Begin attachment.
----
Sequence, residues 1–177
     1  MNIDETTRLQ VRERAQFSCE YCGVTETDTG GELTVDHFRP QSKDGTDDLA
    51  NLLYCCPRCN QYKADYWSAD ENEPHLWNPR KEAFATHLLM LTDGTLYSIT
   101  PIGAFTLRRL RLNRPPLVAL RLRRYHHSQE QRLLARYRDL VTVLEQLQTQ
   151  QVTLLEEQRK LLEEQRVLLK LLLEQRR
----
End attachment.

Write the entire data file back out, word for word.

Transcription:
Sequence, residues 1–177
     1  MNIDETTRLQ VRERAQFSCE YCGVTETDTG GELTVDHFRP QSKDGTDDLA
    51  NLLYCCPRCN QYKADYWSAD ENEPHLWNPR KEAFATHLLM LTDGTLYSIT
   101  PIGAFTLRRL RLNRPPLVAL RLRRYHHSQE QRLLARYRDL VTVLEQLQTQ
   151  QVTLLEEQRK LLEEQRVLLK LLLEQRR